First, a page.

Work performed in year 2011:

(i) Numerical investigations, performance and development of a high neutron flux source: Significant progress on numerical studies on fusion process in high density and high temperature plasma produced by a high intensity laser pulse with clusters in a high external magnetic field, enable us to propose the development of a compact CMF device for high flux neutron production. The non-linear propagation of a laser beam in plasma allows increasing the interaction volume by an important factor. A 2-D MHD code enables to calculate the spatio-temporal evolution of plasma parameters for different initial spatial plasma distribution and calculate the plasma trapping and neutron production. The results from numerical simulations and the use of advanced techniques concerning the development of the compact CMF device confirm (i) the efficiency of the proposed configuration which combines laser self-guiding propagation in plasmas and pulsed power techniques for high magnetic generation in mirror-like topology and (ii) the high neutron flux production. The work is oriented (see **Annex 36**) to propose the assembling of the proposed investigations, technologies and calculations for the development of an experimental device for neutron material testing for Tokamak applications. The development of the neutron source, with a rep.rate of 10-100 Hz, requests an efficient refueling scheme (or system). The injection of deuterated gas (or clusters) is very expensive because only a small amount of the volume of the injected gas interacts with the focused beam. In order to improve the operation of the CMF device we initiate calculations on the potential injection of a small pellet with approximately zero initial velocity (due to small radial dimension of the CMF device) in the device. The volume in the mirror-like magnetic configuration is up to 0,5-1 cm^{3}. Our investigation shows that the plasma density can be maintained up to 10^{17}- 10^{18} cm^{-3} in the device for the injection of a pellet of a diameter of 10^{-2} mm and a solid density of 10^{28} m^{-3}. For these calculations we do not take into account the plasma losses due to the open magnetic field topology of the device. The fabrication of such small pellets injected with zero initial velocity does not request to resolve serious technical problems for potential future applications within the proposed CMF device. Near future laser systems allow operation of the high intensity laser beam at 100 Hz with MW average power which enables to couple the proposed CMF device with a laser beam and the transfer of complementary amount of energy to plasma, produced by bigger pellets, in order to cover the losses.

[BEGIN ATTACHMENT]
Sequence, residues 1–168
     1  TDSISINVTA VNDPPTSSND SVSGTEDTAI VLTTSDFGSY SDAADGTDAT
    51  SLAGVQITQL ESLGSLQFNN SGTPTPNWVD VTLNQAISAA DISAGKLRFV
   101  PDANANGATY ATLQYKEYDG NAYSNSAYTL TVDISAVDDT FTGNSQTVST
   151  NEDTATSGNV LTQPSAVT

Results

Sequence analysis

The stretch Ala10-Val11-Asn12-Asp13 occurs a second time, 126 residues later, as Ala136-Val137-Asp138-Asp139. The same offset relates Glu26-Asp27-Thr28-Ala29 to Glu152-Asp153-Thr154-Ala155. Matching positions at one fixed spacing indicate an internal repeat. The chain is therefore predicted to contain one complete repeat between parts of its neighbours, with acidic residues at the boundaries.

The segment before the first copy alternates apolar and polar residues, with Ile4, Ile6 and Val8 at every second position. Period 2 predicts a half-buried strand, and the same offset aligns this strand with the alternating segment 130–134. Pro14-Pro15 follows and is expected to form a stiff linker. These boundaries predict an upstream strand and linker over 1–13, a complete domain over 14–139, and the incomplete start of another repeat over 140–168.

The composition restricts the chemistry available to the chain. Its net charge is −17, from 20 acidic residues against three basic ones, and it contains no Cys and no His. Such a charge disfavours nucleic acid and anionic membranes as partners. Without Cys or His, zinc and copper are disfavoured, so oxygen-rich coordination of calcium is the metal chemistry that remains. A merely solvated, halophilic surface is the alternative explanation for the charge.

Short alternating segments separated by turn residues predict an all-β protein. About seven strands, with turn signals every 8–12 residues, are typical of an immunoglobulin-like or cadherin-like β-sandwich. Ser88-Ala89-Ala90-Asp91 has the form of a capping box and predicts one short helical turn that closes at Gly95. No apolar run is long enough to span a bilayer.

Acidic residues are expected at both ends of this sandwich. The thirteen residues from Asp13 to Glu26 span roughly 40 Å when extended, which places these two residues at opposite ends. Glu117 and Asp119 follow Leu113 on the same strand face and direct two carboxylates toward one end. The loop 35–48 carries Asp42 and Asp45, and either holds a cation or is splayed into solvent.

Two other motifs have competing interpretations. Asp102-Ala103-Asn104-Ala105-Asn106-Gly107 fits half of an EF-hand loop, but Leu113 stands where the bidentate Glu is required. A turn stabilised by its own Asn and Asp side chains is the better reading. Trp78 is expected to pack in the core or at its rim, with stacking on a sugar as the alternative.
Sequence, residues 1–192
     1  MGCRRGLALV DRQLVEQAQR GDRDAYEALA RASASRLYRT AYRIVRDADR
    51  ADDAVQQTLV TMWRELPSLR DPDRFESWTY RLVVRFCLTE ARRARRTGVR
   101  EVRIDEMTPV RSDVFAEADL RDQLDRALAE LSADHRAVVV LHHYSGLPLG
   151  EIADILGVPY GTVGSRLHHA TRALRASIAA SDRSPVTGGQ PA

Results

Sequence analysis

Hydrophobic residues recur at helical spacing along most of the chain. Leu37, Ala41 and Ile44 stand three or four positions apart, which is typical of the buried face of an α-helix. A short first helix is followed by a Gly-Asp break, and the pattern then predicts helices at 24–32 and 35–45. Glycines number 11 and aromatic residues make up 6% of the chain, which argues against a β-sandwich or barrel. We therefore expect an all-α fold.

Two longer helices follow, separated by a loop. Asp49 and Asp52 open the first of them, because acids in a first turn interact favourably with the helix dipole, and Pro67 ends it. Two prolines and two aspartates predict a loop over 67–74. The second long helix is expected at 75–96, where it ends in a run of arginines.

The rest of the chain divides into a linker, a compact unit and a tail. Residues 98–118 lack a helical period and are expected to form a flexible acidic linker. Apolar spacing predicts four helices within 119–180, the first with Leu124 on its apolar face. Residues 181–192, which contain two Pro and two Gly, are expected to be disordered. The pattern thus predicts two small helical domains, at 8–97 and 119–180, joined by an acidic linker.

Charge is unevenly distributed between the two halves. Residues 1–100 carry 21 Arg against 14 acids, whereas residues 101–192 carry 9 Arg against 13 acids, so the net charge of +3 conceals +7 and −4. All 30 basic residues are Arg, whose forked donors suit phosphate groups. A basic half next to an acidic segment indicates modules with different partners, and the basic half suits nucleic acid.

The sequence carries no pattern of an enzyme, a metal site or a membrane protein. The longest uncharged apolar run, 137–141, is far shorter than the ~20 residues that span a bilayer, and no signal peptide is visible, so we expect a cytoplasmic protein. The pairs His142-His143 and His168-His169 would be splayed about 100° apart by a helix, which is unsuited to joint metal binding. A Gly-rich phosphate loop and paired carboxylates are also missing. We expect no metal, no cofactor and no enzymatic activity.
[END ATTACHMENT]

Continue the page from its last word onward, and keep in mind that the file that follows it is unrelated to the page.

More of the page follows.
(ii) Investigations on Negative Ions: The proposed work for the negative ion production, acceleration and neutralisation is based on the study of magnetically isolated diodes coupled with a pulsed power generator and the neutralisation of negative ions (H or D) by laser photo-detachment techniques. We initiate studies on (a) numerical calculation of a pulsed power generator working from 20 ns up to µs in order to produce 500 kV and 200 A and (b) the development of a 1-D, two fluid model in cylindrical geometry describing the spatio-temporal evolution of negative ions (H or D) and electrons in a magnetically isolated diode which is between two concentric cylinders. The model equations include conservation of particles, momentum and energy of electrons and negative ions, coupled with the Poisson’s equations for the space charge separation. The code will allow describing the final negative ion extraction current for different externally applied electric and magnetic fields.

Last Updated (Friday, 11 January 2013 12:47)